Why Comey was fired: DOJ rips handling of Clinton case in ouster
Tuesday President Trump’s seemingly abrupt decision to fire FBI Director James Comey was made at the recommendation of top Justice Department officials who claimed that his controversial handling of the Hillary Clinton email case last year rendered him unfit for the position.
A senior White House official told Fox News it was purely “coincidental” that the firing occurred on the same day Comey faced scrutiny for giving faulty testimony about emails sent from Clinton aide Huma Abedin to Anthony Weiner.
Comey had been the subject of a review by the very top of the Trump Justice Department. Newly confirmed Deputy Attorney General Rod Rosenstein penned an extensive memo for Attorney General Jeff Sessions outlining concerns with Comey’s conduct during and after the Clinton email probe.
The memo said “almost everyone agrees that the Director made serious mistakes.” Rosenstein wrote that he could not defend Comey’s handling of the end of the investigation, and could not understand “his refusal to accept the nearly universal judgment that he was mistaken.”
According to Rosenstein, the first count against Comey was his July 5, 2016 announcement during which he alleged Clinton and her colleagues were “extremely careless” in handling classified material on her personal email and server but also said the FBI would not recommend charges.
The memo said Comey was “wrong to usurp” then-Attorney General Loretta Lynch’s authority.
“It is not the function of the Director to make such an announcement,” Rosenstein wrote, adding that Comey “at most” should have said the FBI had finished its investigation and presented findings to prosecutors.
The memo said Comey compounded “the error” by holding a press conference to “release derogatory information about the subject of a declined criminal investigation,” suggesting he did so “gratuitously.”
The memo said: “The Director laid out his version of the facts for the news media as if it were a closing argument, but without a trial.” Rosenstein called it a “textbook example” of what prosecutors and agents are “taught not to do.”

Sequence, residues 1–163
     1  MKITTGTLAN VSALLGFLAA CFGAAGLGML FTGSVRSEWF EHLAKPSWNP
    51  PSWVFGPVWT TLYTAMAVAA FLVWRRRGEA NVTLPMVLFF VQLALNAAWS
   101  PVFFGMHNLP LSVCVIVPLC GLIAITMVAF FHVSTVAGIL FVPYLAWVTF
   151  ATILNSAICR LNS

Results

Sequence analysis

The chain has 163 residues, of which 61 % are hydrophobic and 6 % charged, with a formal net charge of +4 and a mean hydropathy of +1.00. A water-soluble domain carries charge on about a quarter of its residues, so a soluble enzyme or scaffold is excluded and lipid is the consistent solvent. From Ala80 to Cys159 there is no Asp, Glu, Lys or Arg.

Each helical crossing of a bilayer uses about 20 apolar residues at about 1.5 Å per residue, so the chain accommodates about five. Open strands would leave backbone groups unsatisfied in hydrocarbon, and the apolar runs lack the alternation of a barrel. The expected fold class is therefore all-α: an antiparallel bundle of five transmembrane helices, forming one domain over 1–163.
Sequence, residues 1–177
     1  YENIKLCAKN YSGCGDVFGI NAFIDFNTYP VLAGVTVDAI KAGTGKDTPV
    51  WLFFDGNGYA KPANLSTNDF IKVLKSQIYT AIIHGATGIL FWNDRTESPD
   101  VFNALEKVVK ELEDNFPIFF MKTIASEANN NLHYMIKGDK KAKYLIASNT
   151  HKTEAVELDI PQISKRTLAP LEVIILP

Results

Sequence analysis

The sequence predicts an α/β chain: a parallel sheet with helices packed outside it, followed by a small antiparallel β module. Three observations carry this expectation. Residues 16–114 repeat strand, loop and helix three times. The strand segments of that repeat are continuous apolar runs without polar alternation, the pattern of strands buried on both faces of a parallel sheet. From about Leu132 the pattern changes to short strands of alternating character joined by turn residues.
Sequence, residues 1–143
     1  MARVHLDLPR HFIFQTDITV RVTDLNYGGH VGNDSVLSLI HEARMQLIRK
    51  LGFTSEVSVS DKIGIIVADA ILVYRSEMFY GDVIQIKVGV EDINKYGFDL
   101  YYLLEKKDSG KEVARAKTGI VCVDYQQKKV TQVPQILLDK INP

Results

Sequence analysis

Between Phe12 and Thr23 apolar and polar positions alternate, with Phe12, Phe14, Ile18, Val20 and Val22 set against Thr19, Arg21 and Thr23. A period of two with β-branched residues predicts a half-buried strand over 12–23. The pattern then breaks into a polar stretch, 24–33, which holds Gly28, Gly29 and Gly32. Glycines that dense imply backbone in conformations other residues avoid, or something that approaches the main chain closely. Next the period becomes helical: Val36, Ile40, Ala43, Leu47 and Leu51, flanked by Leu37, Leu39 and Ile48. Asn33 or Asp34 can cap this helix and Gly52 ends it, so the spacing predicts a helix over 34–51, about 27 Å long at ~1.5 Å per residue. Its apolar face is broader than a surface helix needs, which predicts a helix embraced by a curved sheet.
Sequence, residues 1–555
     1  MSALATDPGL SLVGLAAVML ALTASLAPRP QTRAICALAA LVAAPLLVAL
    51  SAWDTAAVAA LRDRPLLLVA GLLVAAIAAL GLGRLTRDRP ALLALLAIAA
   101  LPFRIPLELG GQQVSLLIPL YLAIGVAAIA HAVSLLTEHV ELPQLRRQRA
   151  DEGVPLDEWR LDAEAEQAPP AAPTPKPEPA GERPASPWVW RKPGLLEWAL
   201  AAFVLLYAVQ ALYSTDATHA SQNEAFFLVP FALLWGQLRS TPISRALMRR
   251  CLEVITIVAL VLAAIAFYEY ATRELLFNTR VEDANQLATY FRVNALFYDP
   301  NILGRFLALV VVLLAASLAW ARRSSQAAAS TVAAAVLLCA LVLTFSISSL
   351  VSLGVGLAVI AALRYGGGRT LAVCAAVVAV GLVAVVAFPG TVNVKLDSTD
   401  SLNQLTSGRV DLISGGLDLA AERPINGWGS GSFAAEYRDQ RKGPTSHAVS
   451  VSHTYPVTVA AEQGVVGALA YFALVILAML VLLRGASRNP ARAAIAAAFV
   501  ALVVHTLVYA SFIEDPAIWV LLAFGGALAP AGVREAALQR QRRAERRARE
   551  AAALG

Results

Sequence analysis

The second count against Comey concerned his Oct. 28, 2016 notification to Congress that the bureau was taking another look at the Clinton case in light of newly discovered emails. While Comey has said he did not want to conceal information, Rosenstein said simply refraining from publicizing “non-public information” would not have been concealment.
He countered Comey’s position by citing numerous former Justice officials who called the move inappropriate.
Comey adamantly defended his handling of the case, and that October letter, at a Senate hearing last week.
As referenced by Rosenstein, he said, “Concealment in my view would have been catastrophic.”
Clinton herself has continued to criticize Comey, suggesting his announcement helped tilt the election toward President Trump.
“It makes me mildly nauseous to think that we might have had some impact” on the election, Comey said at the hearing, standing by his actions.
Rosenstein referenced Comey’s statements since the election in his memo’s conclusion: “The way the Director handled the conclusion of the email investigation was wrong. As a result, the FBI is unlikely to regain public and congressional trust until it has a Director who understands the gravity of the mistakes and pledges never to repeat them. Having refused to admit his errors, the Director cannot be expected to implement the necessary corrective actions.”
The memo set off a quick chain reaction all the way up to the White House.
Sessions told Trump that a “fresh start” is needed, attaching the Rosenstein memo and recommending Comey’s removal.
Trump cited that recommendation in his letter to Comey, informing him he is “hereby terminated and removed from office, effective immediately.”
Former FBI spokesperson John Iannarelli told Fox News he thinks Comey got “bad counsel from those close to him,” and that in the end, Comey was perceived as “too political.”
Iannarelli told Fox News the firing was virtually “unprecedented,” aside from William Sessions being dismissed by then-President Bill Clinton in the early 1990s.